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12.2: Christian Art Before Constantine

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    Christianity, an introduction

    by Dr. Beth Harris, Dr. Nancy Ross and Dr. Steven Zucker

    How little we know

    Figure \(\PageIndex{1}\): The Good Shepherd, The Mausoleum of Galla Placidia, Ravenna, Italy, 425 CE. Mosaic. (Photo: Steven Zucker, CC BY-NC-SA 2.0) In this mosaic, Jesus is depicted as the "Good Shepherd" in the center, surrounded by sheep representing his followers for whom he cares. Such imagery blended existing Roman and Christian symbolism.

    Almost nothing is known about Jesus beyond biblical accounts, although we do know quite a bit more about the cultural and political context in which he lived—for example, Jerusalem in the first century. What follows is an introductory historical summary of Christianity. It hardly needs stating that there are many interpretations and disagreements among historians.

    Jesus v. Rome

    The biblical Jesus, described in the Gospels as the son of a carpenter, was a Jew and a champion of the underdog. He rebelled against the occupying Roman government in what was then Palestine (at this point the Roman Empire stretched across the Mediterranean). He was crucified for upsetting the social order and challenging the authority of the Romans and their local Jewish leaders. The Romans crucified Jesus, a typical method of execution—especially for those accused of crimes against the government.

    Jesus’ followers claim that after three days he rose from the grave and later ascended into heaven. His original followers, known as disciples or apostles, traveled great distances and spread Jesus’ message. His life is recorded in the Gospels of Matthew, Mark, Luke, and John, which are found in the New Testament. “Christ” means messiah or savior (this belief in a savior is a traditional part of Jewish theology).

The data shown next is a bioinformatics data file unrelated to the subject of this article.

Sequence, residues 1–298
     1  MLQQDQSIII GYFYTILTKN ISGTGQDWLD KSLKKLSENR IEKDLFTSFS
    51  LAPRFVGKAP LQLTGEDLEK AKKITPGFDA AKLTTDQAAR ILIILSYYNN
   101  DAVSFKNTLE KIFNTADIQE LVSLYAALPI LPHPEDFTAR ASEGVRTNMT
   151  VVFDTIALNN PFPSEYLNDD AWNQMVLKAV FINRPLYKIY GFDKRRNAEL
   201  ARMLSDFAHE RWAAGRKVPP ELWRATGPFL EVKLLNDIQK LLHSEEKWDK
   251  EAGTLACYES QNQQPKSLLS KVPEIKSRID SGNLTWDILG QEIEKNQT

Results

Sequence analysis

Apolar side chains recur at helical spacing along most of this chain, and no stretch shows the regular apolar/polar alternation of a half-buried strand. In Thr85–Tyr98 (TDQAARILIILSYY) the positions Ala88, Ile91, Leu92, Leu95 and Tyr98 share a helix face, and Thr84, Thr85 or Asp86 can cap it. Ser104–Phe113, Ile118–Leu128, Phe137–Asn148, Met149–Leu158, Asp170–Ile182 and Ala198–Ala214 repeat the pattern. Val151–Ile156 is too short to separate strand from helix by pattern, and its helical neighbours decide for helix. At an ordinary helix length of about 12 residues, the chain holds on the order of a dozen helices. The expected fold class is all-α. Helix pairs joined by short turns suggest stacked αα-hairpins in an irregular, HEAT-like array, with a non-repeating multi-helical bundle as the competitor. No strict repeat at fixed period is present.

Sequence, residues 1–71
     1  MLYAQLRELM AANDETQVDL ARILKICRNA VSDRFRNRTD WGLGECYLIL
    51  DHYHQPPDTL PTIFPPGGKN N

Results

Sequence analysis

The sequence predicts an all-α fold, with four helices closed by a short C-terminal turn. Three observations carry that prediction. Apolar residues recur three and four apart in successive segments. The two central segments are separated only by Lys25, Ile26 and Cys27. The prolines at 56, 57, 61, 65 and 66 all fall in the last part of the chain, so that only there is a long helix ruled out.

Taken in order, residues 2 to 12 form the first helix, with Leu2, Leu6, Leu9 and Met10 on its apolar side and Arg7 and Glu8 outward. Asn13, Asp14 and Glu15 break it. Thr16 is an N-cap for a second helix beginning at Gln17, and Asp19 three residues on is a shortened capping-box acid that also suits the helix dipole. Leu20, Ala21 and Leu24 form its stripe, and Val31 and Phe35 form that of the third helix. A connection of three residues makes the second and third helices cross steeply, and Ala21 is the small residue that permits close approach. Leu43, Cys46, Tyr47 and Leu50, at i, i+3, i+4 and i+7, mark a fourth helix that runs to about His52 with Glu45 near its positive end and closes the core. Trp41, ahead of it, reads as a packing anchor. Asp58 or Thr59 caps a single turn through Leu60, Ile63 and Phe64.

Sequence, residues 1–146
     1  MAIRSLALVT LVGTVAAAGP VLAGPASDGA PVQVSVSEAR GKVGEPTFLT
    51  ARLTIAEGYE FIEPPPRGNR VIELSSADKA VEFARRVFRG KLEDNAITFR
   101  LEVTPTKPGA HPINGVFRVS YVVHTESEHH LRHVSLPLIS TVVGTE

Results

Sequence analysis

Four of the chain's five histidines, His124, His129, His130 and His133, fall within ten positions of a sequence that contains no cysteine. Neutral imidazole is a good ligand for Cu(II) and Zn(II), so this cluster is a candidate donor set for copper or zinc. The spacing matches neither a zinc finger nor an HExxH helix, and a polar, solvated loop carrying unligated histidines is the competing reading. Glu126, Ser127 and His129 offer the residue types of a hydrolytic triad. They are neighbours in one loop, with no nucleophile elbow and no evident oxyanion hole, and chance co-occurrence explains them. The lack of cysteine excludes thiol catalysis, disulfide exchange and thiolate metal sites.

Old and New Testaments

    Early on, there were many ways that Christianity was practiced and understood, and it wasn’t until the 2nd century that Christianity began to be understood as a religion distinct from Judaism (it’s helpful to remember that Judaism itself had many different sects). Christians were sometimes severely persecuted by the Romans. In the early 4th century, the Roman Emperor Constantine experienced a miraculous conversion and made it legally acceptable to be a Christian. Less than a hundred years later, the Roman Emperor Theodosius made Christianity the official state religion.

    Figure \(\PageIndex{2}\): Sacrifice of Isaac, San Vitale, Ravenna, Italy, early 6th century. Mosaic. (Photo: Steven Zucker, CC BY-NC-SA 2.0) This portion of the mosaic illustrates a story from the Hebrew Bible/Old Testament (Genesis 22:1-19) in which God has told Abraham to sacrifice his own son Isaac, here shown bound and kneeling while Abraham lifts his sword. At the last moment, an angel (visible as a disembodied hand) halts the would-be murder.

    The first Christians were Jews (whose bible we refer to as the Old Testament or the Hebrew Bible). But soon pagans too converted to this new religion. Christians saw the predictions of the prophets in the Hebrew Bible come to fulfillment in the life of Jesus Christ—hence the “Bible” of the Christians includes both the Hebrew Bible (or the Old Testament) and the New Testament.